Soutenance de thèse Sara Trombella
Mme Sara Trombella soutiendra, en vue de l'obtention du grade de docteur ès sciences, mention interdisciplinaire, sa thèse intitulée
Assessment of Muscular Activity by Positron Emission Tomography using [11C]Acetate
- Sous la direction de: Prof. José Rolim
- Et la codirection de: Prof. Nadia Magnenat-Thalmann
Musculo-Skeletal Diseases (MSDs) stands for a whole group of diseases that can affect the human musculoskeletal apparatus, being cause for pain and a sensitive reduction in the mobility extent of the involved joints, resulting for the affected patient in a progressive loss of physical autonomy, up to the complete inability to perform specific movements and daily tasks. Among this class of pathologies, Osteoarthritis (OA) is a chronic disease that causes significant social, psychological, and financial burdens to patients, and can most commonly interests the knee joint - Knee Osteoarthritis (KOA).
Declines in leg strength, particularly in the quadriceps of both the knee affected with KOA as well as the quadriceps of the contralateral knee that is asymptomatic for KOA have been observed in the literature. Among biomechanical factors causing OA, the potential contribution of quadriceps muscle weakness to disease pathogenesis has been the target of several investigations. The quadriceps muscle contributes with a primary role to both functional knee joint stability and knee joint loading. Weak quadriceps muscle may be unable to provide adequate control of tibial translation during ambulation, thus compromising dynamic knee joint stability and consequently increasing risk of damage to joint structures. Moreover, weak muscles may fatigue easily leading to poor neuromuscular control, which could allow pathologic joint movement. An impairment in quadriceps sensorimotor function may also lead to an anomalous and injurious loading of articular structures. Thus, there is nowadays an increasing literatural and clinical evidence that muscle weakness might play a contributory role in the onset and progression of OA.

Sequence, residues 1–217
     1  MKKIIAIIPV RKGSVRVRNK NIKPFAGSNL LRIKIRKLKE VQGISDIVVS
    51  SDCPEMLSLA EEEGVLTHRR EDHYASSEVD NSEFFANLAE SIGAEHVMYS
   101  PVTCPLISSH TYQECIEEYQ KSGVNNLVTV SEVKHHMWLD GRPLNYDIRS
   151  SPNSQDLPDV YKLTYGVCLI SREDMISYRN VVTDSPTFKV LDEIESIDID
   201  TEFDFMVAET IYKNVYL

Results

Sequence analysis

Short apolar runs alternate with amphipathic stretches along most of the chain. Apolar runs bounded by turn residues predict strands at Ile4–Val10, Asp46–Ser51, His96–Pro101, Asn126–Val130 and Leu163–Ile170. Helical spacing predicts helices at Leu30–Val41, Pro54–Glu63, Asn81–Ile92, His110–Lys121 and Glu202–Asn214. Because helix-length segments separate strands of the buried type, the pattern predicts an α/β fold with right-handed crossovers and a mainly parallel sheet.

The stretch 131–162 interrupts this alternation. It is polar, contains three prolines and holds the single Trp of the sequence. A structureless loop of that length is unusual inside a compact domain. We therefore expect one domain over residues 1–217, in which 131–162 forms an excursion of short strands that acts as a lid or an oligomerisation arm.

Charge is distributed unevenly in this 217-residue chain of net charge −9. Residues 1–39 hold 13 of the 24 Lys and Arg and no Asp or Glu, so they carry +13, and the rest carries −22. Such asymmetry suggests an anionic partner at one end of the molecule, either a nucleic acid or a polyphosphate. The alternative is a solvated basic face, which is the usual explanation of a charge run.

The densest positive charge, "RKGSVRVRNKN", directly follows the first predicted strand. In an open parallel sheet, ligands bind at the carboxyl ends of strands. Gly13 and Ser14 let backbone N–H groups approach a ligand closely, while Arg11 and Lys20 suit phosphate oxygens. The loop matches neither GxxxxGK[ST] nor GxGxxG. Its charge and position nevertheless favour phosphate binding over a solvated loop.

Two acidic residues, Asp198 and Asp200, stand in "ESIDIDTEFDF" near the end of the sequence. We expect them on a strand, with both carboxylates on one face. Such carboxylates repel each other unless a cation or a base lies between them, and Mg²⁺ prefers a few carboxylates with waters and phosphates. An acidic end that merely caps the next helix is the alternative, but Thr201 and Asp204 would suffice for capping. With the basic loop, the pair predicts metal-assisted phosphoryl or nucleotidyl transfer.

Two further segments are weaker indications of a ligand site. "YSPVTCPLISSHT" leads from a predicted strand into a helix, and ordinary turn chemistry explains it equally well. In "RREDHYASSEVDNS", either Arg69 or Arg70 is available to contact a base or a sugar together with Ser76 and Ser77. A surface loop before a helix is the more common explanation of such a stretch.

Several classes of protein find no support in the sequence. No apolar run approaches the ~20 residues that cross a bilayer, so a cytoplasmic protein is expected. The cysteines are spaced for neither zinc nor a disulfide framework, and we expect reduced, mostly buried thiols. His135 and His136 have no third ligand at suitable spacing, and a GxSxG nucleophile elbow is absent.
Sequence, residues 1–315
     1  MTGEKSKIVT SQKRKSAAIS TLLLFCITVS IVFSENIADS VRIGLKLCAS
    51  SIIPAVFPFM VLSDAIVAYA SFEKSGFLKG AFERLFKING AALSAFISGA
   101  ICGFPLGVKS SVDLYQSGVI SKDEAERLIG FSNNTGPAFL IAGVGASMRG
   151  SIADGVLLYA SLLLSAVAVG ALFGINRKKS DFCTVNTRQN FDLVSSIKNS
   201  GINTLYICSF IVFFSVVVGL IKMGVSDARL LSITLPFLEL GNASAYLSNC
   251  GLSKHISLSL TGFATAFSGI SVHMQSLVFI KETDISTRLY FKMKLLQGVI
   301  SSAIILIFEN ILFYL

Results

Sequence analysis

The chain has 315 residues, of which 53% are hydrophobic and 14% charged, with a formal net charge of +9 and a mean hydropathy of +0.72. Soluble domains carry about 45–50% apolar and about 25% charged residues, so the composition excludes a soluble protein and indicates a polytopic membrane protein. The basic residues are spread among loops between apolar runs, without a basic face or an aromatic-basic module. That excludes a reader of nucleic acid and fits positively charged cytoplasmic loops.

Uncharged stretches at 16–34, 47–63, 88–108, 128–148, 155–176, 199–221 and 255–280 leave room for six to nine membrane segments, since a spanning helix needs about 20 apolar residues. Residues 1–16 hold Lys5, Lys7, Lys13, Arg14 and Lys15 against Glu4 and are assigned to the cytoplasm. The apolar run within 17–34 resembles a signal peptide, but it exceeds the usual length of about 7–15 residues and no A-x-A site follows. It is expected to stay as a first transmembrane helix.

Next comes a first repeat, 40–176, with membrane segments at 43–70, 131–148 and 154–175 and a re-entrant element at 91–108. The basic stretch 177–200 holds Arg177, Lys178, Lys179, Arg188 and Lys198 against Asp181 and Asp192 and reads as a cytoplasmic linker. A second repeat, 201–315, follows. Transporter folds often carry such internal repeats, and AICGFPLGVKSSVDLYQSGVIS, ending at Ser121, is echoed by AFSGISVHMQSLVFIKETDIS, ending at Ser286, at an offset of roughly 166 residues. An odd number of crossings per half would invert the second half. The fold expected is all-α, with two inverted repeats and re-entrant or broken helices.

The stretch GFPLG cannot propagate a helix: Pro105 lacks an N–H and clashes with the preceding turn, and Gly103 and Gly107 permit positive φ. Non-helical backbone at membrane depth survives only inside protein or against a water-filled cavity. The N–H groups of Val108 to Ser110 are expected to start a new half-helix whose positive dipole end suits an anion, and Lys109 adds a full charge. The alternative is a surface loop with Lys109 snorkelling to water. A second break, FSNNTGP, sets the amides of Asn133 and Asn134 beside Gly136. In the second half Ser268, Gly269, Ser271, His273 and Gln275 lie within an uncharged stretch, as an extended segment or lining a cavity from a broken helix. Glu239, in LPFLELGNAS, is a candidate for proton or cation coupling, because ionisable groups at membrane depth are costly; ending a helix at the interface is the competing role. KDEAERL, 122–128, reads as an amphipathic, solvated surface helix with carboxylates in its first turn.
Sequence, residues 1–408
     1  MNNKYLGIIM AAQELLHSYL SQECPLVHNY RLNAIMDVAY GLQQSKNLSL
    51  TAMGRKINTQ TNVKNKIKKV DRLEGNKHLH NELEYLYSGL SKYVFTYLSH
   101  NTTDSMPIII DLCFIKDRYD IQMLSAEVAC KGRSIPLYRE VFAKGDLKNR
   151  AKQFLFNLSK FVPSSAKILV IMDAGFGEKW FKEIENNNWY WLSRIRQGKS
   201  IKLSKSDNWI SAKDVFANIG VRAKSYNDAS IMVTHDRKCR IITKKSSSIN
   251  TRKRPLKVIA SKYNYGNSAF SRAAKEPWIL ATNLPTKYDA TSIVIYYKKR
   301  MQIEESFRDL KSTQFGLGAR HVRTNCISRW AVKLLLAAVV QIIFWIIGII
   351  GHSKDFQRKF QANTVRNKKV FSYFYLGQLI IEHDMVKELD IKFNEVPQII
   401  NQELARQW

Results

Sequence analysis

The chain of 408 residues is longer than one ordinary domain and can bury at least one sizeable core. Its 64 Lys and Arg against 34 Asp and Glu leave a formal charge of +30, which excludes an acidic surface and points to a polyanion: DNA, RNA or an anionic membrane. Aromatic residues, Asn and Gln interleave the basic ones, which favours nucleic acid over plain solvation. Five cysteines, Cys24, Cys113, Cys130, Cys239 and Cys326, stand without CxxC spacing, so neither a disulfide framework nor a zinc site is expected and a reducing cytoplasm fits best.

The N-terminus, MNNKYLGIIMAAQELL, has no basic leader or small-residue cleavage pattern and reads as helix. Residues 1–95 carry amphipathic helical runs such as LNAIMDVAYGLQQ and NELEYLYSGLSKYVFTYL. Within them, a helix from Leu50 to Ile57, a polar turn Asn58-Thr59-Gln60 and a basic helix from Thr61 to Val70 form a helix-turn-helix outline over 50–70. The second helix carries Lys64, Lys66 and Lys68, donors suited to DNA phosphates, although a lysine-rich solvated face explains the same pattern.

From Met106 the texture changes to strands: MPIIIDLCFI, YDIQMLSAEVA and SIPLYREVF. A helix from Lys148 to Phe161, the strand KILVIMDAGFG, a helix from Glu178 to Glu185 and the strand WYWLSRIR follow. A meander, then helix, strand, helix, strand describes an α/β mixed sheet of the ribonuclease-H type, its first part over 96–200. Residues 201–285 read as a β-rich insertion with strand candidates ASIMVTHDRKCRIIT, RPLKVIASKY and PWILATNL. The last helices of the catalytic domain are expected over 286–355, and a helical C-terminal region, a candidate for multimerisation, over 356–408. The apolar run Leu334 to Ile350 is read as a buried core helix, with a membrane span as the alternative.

Positron Emission Tomography (PET) allows to study tissue metabolism in vivo in a non-invasive way. In particular, it enables to quantitatively characterise several physiologic processes in the skeletal muscle, such as muscle perfusion and oxygen consumption. In the literature, an alternative well-established approach to measure muscle metabolic activity, with respect to traditional Electromyography (EMG), is PET with [18F]2-fluoro-2-deoxy-D-glucose (FDG). A relatively poorly investigated PET tracer when dealing with the investigation of skeletal muscle activity, is acetate, or acetic acid, a molecule that is quickly assimilated by cells and converted into acetyl-CoA by acetyl-CoA synthetase, and in this form involved it can be oxidized to CO2 and H2O by the Tricarboxylic Acid Cycle (TCA), thus producing energy. Due to this versatile uptake mechanism, it can result useful in many diagnostic fields, such as cardiology and oncology. Acetate uptake was investigated in the human limbs’ skeletal muscle, however, up to our best knowledge, just a few number of studies in the literaturature investigated the metabolic fate of acetate in the skeletal muscle at rest and after exercise by PET.
The purpose of the present study is to investigate exercise-related changes in the skeletal muscle by PET and [11C]acetate, in the animal and the human. At this purpose, a pre-clinical and a clinical protocol were implemented. The veterinary experiment involved the application of kinetic analysis to investigate the metabolism of the skeletal muscle of the rat and the comparison to more conventional quantitation approaches.
Date: Mardi 20 septembre 2016 à 13h30
Lieu: Battelle bâtiment A - Salle de cours 301-302 (2ème étage)7 septembre 2016
À la Une